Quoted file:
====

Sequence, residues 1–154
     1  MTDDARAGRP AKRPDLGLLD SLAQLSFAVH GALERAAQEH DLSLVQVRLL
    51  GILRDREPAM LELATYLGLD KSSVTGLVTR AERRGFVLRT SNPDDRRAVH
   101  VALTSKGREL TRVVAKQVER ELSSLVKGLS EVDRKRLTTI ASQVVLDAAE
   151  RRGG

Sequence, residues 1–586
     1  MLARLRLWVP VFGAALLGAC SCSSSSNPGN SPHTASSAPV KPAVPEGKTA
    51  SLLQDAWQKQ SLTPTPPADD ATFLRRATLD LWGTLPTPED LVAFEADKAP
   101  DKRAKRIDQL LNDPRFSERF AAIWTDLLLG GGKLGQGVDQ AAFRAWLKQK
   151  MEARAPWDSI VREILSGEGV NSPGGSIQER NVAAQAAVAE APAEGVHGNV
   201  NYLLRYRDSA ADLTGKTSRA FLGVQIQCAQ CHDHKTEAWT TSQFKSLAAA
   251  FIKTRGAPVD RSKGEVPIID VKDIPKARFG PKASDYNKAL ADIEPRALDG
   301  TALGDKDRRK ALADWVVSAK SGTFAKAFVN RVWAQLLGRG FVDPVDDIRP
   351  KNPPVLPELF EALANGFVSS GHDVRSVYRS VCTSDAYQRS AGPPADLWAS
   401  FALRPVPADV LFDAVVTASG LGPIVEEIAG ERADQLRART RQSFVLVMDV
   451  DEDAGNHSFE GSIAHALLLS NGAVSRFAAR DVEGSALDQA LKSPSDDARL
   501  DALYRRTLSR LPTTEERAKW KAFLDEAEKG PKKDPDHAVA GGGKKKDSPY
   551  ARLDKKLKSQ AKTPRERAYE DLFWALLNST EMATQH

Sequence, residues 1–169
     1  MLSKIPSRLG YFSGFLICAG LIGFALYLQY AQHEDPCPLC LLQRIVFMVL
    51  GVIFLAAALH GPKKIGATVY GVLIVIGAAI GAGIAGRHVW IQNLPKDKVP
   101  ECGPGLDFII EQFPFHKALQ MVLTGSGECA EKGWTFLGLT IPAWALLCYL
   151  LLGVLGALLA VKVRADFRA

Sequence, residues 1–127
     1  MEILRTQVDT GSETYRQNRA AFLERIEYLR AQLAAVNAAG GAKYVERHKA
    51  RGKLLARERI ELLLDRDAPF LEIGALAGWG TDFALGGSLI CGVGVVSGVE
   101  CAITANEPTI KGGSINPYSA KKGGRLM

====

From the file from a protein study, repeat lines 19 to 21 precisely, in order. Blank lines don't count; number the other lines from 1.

Sequence, residues 1–169
     1  MLSKIPSRLG YFSGFLICAG LIGFALYLQY AQHEDPCPLC LLQRIVFMVL
    51  GVIFLAAALH GPKKIGATVY GVLIVIGAAI GAGIAGRHVW IQNLPKDKVP